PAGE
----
Most note keeping solutions offer multiple methods of organizing your notes within their tools. You’ll find search, tags, labels, folders, outlines, and a variety of other less common structures. Determining what features will work the best for you in locating your notes after you’ve captured them can be a struggle at a minimum and derail your entire system at the worst. How do you know which features work for you and which is the best to implement in your personal productivity solution?
First thing to clear out of your head is you don’t need to choose one method or the other. Both have strengths and weaknesses so it’s more a matter of determining what feature works when. In comparing your solution to how our brains work our logical starting place is search.
When we remember something, we don’t think to ourselves “well that piece of information is in this place in my head, in this folder, with this label.” No, we just think about the topic and our brain does the best it can at finding all the memories we have stored around that topic. Unfortunately the process is far from efficient and reliable, so when we think about digital searching with personal productivity solutions we need to concentrate on how the computer will search the contents of our notes (memories) to find all the items that match our search topic.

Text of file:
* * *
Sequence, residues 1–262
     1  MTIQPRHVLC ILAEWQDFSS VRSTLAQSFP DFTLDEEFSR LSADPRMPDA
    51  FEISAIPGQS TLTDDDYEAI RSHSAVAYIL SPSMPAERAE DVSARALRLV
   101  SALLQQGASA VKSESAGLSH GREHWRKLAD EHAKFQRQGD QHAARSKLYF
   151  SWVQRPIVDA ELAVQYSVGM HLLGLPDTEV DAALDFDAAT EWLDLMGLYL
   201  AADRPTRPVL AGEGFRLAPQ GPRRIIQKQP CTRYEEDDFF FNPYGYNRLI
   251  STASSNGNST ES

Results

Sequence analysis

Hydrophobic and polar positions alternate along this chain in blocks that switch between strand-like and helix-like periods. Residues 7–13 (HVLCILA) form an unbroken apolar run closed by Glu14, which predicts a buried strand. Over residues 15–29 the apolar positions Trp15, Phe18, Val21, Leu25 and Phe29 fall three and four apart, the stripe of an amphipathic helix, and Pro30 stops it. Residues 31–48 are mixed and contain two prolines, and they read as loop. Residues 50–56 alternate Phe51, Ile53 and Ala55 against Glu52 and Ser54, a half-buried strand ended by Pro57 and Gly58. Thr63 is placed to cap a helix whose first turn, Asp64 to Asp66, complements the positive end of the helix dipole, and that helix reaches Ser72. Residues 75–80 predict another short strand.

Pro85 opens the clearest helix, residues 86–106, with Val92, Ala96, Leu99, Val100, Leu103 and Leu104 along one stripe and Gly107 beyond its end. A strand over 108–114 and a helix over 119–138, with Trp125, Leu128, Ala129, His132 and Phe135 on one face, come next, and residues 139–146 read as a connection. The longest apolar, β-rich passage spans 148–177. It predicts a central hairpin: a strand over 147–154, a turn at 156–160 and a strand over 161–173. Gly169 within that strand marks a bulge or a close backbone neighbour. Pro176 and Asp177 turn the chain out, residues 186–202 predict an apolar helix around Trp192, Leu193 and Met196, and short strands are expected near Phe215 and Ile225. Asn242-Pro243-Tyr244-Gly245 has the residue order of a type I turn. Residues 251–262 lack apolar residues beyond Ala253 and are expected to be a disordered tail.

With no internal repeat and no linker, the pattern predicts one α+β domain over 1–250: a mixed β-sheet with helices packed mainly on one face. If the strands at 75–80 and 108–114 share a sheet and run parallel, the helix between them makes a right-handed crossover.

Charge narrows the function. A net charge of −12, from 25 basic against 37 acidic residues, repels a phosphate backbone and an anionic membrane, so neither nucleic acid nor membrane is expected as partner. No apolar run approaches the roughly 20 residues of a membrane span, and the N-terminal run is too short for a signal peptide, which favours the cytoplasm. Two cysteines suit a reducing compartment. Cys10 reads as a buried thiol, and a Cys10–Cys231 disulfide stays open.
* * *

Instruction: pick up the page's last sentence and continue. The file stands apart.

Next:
If we are going to rely on search to locate information in our solutions we need to make sure our notes contain the content matching the terms we will be searching with. For example, if you are storing a health insurance summary, you need to think about what you would plug into the search box to locate that document. The content and titling needs to match those terms so in this case if your instinct is to look for “health insurance” remember you will find the summary we mentioned earlier but also every other document with the same terms possibly making it harder to be specific quickly.
The flip side of the search coin is folders, tags, and labels. These are helpful if you’re a browser rather than a searcher. If your instinct when looking for materials is to start at a top level category, then drill down further and further until you reach your content. This type of structuring can be powerful if you are comfortable designing the organizational structure and then adhering to that structure for the retention of all your notes.
Setting up a defined folder / tag structure can be a challenge, with experts in the fields of taxonomy and tagsonomy spending months defining systems to organize commercial document management systems. I doubt you have months to bring your solution to a usable state (I know I don’t) so my suggestion is to start small and build up. Create structures that match how you think and live every day, focusing on where and when you need access to your notes. Keep in mind that in most cases when you need a note or piece of information you typically don’t have a great deal of time to go looking for it through large, complex organizational structures (hence the phrase, “Google it.”)
So which is better? There is no clear winner of one over the other and I’ll readily admit I use both in my personal productivity solution. Creating and maintaining an organizational structure in your tools of choice such as sections in OneNote, notebooks in Evernote, or folders in Google Drive can make the location of content simpler with the downside of increasing the overhead of maintaining the solution. Combine structure with search for locating content quickly and making your note management a trusted part of your solution.